Monte Cristo may be gone, but its legacy lives on | Taking Stock
Monte Cristo is now just a destination for hikers, located about 30 miles east of Granite Falls and a 4-mile hike from the Mountain Loop Highway.
Little is left of the boomtown that once occupied the site. By modern evaluation, Monte Cristo is a failed town, like the many other ghost towns that dot this state and much of the western United States.
But unlike other ghost towns, including my favorite – Alpine, Washington – the legacy of Monte Cristo extended beyond itself. The value of precious and non-precious metals in Monte Cristo was valued so high that it brought in “Eastern Money.”
Those Eastern investors believed that they needed a nearby port to ship out the refined metals, and a location to refine the ore into metal. They chose Everett and platted a city there.
The names of those investors are immortalized in the names of Everett streets. Colby, Hoyt, Hewitt, Rucker, Oakes, Rockefeller are still the main streets of Everett. Charles Colby named the city for his son Everett.
Monte Cristo didn't survive as a mining town for very many years, but its legacy – Everett – is the most populous city in Snohomish County.
The government of the county was changed, also. The “Eastern Money” wanted a county seat closer to their center of influence. After lawsuits and a disputed election, the county seat moved from Snohomish to Everett, where it remains.
That one fact contributed greatly to the growth of Everett, and the time-warp stagnation of Snohomish, which has, however, contributed to the survival of many beautiful, old buildings and homes in Snohomish that would have been destroyed if Snohomish had continued to grow.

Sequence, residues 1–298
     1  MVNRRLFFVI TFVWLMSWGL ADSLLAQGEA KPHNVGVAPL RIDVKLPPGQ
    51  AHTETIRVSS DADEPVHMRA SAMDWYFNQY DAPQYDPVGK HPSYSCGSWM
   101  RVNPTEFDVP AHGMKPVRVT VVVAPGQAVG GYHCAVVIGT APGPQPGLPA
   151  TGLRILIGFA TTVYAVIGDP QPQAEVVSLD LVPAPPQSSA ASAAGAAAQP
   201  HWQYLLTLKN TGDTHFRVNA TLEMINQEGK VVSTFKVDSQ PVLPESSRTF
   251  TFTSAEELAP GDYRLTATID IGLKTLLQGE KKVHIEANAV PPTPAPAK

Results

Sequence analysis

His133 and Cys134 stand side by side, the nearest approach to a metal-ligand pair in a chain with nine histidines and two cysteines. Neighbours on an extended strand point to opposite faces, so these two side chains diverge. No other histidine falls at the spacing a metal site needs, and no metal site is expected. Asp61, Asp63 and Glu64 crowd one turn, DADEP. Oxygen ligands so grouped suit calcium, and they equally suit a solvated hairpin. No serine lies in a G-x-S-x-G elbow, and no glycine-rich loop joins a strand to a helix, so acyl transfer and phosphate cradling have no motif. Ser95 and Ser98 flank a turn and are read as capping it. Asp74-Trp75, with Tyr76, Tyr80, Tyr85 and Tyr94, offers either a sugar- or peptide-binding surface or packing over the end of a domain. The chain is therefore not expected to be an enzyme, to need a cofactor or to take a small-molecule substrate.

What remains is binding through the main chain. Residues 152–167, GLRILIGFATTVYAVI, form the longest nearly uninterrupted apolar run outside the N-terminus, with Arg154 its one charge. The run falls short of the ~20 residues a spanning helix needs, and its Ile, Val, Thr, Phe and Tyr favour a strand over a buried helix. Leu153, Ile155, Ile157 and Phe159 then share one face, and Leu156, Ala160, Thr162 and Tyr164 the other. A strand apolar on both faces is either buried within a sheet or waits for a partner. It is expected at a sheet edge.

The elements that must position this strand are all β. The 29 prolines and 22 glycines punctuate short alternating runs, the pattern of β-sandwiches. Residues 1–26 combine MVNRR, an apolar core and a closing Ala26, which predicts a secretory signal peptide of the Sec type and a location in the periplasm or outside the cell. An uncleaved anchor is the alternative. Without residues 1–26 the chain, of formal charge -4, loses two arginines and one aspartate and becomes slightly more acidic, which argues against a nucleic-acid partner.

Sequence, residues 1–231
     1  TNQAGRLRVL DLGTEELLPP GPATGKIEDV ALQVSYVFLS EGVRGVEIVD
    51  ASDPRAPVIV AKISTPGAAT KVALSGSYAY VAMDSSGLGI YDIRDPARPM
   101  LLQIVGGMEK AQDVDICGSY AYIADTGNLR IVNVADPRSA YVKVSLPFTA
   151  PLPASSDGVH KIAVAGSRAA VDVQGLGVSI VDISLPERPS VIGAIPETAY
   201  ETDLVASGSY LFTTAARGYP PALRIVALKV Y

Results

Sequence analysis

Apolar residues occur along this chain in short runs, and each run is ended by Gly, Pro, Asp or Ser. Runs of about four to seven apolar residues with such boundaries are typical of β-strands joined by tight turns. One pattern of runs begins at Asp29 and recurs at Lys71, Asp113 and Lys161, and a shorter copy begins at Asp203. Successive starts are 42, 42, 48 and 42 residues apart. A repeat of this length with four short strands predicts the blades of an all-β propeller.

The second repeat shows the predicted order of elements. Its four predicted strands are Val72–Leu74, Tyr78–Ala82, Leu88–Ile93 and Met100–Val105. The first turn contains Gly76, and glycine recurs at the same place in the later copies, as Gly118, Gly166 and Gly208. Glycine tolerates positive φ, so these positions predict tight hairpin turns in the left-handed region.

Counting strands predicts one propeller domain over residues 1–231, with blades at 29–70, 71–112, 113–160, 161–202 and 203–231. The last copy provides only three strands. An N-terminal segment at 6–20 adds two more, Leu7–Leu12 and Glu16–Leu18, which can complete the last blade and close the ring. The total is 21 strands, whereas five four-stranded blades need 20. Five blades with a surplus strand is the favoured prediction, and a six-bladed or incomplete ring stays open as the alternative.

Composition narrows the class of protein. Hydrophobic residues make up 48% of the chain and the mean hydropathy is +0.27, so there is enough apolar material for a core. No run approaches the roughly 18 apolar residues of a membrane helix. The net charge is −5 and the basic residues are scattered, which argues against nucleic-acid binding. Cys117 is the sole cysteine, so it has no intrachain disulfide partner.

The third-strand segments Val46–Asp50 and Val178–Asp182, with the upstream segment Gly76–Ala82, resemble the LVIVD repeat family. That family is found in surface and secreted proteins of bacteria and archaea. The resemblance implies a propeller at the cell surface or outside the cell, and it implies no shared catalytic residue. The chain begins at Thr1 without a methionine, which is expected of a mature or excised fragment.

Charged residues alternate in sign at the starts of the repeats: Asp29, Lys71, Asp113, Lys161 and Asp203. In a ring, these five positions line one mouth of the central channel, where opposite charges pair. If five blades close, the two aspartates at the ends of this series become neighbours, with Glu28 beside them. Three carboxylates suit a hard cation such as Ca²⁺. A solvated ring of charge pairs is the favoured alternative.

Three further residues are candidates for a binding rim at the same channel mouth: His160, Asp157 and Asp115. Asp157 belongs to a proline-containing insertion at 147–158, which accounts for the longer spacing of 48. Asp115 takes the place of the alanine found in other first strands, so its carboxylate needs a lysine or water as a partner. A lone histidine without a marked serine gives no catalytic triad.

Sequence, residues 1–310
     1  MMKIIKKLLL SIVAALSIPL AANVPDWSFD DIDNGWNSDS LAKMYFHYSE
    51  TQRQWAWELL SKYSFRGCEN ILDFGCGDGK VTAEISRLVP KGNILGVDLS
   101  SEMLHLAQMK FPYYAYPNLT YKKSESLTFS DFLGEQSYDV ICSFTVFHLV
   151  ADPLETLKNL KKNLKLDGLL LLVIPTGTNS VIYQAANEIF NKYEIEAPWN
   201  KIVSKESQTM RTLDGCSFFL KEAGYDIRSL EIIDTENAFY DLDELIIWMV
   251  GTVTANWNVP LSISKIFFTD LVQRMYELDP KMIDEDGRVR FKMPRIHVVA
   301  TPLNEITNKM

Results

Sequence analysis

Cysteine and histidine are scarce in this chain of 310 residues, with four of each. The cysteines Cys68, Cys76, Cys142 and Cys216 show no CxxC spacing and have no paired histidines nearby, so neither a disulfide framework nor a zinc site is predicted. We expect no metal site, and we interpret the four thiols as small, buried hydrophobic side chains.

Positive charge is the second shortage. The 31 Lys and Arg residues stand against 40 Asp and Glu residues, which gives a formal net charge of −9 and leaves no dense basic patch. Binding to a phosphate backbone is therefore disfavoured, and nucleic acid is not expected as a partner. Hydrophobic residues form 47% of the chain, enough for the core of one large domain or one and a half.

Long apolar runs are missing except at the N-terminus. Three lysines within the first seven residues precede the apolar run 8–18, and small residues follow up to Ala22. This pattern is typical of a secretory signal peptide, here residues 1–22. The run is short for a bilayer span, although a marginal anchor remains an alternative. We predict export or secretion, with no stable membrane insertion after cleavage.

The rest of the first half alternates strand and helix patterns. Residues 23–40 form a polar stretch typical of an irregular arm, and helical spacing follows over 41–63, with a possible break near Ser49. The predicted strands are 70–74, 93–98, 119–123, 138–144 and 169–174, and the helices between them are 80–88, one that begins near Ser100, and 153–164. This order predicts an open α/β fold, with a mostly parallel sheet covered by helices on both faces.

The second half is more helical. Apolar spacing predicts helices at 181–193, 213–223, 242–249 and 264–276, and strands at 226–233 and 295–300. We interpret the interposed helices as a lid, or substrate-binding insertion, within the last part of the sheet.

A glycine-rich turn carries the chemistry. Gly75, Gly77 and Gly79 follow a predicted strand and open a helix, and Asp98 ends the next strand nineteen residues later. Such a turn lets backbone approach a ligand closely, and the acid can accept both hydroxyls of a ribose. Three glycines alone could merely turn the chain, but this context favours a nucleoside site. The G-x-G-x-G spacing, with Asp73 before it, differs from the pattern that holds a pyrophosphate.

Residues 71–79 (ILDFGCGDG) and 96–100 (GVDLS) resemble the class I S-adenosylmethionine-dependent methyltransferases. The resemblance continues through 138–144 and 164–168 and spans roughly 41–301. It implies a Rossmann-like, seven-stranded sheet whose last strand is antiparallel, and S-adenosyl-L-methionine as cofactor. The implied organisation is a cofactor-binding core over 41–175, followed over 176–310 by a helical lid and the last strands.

The Monte Cristo sandwich is believed by some to have been invented in the Monte Cristo Hotel in Everett. The hotel was named for the town. That the sandwich was invented there is disputed by many, but it is an interesting local note.
Reportedly, the tree that Jimmie Kyes planted in Monte Cristo is still growing. Jimmie Kyes, later Commander James Kyes USN, was a member of the first group that climbed what is now called Kyes Peak near Monte Cristo.
In 1943, Commander Kyes was the captain of the USS Leary. The USS Leary was torpedoed by a U-boat two days before Christmas.
After Commander Kyes had ordered “abandon ship,” he was checking to see that everyone was getting overboard. He found a mess attendant who had a shredded life preserver that was of no use. Commander Kyes gave his own life preserver to the mess attendant. The mess attendant survived and reported the incident. Commander Kyes did not survive. The Navy awarded Commander Kyes the Navy Cross, posthumously.
President Trump can trace the beginnings of his family fortune to Monte Cristo. His grandfather owned businesses in Monte Cristo during the boom and was aware enough to sell and move on before the bubble burst.
Monte Cristo should make all of us look a little differently at the ghost towns around us. They may have been failed towns, but they certainly contributed to the growth of the region. Monte Cristo probably contributed more than most, but most contributed even though they have been lost to memory.
Tim Raetzloff operates Abarim Business Computers at Harbor Square in Edmonds. What he writes combines his sense of history and his sense of numbers. Neither he nor Abarim have an investment in any of the companies mentioned in this column.